Quantcast
Environmental News for a Healthier Planet and Life

Help Support EcoWatch

Buyer Beware: You Might Be Eating Food From Cans Lined With Toxic BPA

Popular

By Tony Iallonardo, Safer Chemicals, Healthy Families

Take a moment to think about what canned foods you use. True to my Italian-American roots, I consume a lot canned tomatoes, particularly in marinara, but I also like to make soups using canned stock as a base. After working with a coalition of six health non-profits to release a new report, I'm rethinking some of my favorite meals.

Modern canned foods have a chemical-based lining that is effective in reducing canned food being tainted with botulism. That's good. But what those canned food makers use to make those linings is often not disclosed, and it may be toxic to our health. One chemical has been especially problematic in food products. It's called Bisphenol A (BPA).

What is BPA?

You may have heard of BPA. Around four or five years ago the Food and Drug Administration (FDA) banned the chemical from being used in baby bottles and sippy cups. The BPA can migrate from can food linings into the food itself, where people then consume it and get exposed. The FDA cited strong evidence that BPA can effect hormone activity in people, and exposure has been linked to developmental problems in children, diabetes, breast and prostate cancer, erectile dysfunction and much more. As a result, the Safer Chemicals, Healthy Families coalition has put BPA on its list of Hazardous 100+ chemicals. So let's just say it's something you should avoid.

And here's the rub. The new report tested almost 200 food cans from around the U.S., various types of food, retailers, and manufacturers that are household names like Campbell's and Del Monte. We found BPA is common. It's everywhere. Two-thirds of cans we tested had it. And it's often not disclosed.

A Little More Bad News

Unfortunately, there's some more troubling findings from the tests. Many of the other cans that didn't have BPA contained other chemicals that are also problematic. Many of those other cans had acrylic resins that contain styrene, a chemical linked to cancer, or polyvinyl chloride (PVC), a plastic made with hazardous chemicals like the known human carcinogen vinyl chloride. The phrase the health groups use to describe this is “regrettable substitution," meaning manufacturers swap out a toxic chemical, but then use another problem chemical in its place.

Making Safer Choices

The first thing to do is inform yourself. You can check out the report and results. When in doubt, avoid canned food if you can substitute with fresh food, or food packaged in jars and safer materials. There's also safer cans! Amy's Kitchen, Annie's Homegrown, Hain Celestial Group and ConAgra have fully transitioned away from BPA.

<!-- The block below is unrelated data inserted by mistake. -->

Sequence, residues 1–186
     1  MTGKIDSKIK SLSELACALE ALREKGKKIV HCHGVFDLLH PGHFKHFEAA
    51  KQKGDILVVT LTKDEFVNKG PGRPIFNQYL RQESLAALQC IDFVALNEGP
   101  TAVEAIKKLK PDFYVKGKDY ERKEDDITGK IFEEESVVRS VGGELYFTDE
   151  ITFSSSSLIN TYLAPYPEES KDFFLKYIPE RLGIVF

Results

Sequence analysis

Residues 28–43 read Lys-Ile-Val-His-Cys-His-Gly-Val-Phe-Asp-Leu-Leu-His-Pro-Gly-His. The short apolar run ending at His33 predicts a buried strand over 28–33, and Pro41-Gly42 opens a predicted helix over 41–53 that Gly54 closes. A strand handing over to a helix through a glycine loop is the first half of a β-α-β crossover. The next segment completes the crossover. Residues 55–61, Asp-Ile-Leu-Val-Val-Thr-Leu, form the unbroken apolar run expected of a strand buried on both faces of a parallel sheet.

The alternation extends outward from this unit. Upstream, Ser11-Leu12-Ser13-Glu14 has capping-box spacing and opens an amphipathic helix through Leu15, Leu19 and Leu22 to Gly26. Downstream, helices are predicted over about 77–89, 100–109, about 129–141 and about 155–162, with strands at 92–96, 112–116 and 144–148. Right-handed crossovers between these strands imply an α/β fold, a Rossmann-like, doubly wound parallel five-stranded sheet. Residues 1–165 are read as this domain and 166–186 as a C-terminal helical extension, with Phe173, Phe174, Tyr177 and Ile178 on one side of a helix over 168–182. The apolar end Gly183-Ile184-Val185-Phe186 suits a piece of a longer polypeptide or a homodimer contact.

Take Action

You can tell retailers you want safer canned food options. Retailers have significant leverage and pressure their suppliers to clean up their act. So advocates are asking the largest grocery chain in the U.S., Kroger, to phase out BPA in cans they sell under their brand. Click here to tell Kroger to eliminate and safely substitute BPA.

Watch Here

More Details

Still reading? Great, here's a deeper look at the key findings.

  • 100 percent of Campbell's products sampled (15 of 15) contained BPA-based epoxy, while the company says they are making significant progress in its transition away from BPA.
  • 71 percent of sample Del Monte cans (10 of 14) tested positive for BPA-based epoxy resins.
  • 42 percent of sampled General Mills cans (six of 12, including Progresso and Green Giant) tested positive for BPA.
  • Collectively, 62 percent of retailers' private label or generic brand food cans analyzed in the study tested positive for BPA-based epoxy resins, including Albertsons (including Randalls and Safeway), Dollar General, Dollar Tree (including Family Dollar), Gordon Food Service, Kroger, Loblaws, Meijer, Publix, Target, Trader Joe's, and Walmart.
  • BPA was found in the majority of private-label canned goods tested at the two biggest dedicated grocery retailers in the United States: Kroger and Albertsons (Safeway). In private-label cans, 62 percent of the Kroger products sampled (13 out of 21), and 50 percent of the Albertsons products sampled (eight out of 16 from Albertsons, Randalls, Safeway) tested positive for BPA-based epoxy resins.
  • BPA was found in private-label cans sold at both Target and Walmart, the largest grocery retailer in the United States. In their private label products, 100 percent of Target cans sampled (five out of five) and 88 percent of Walmart cans sampled (seven out of eight) tested positive for BPA-based epoxy resins.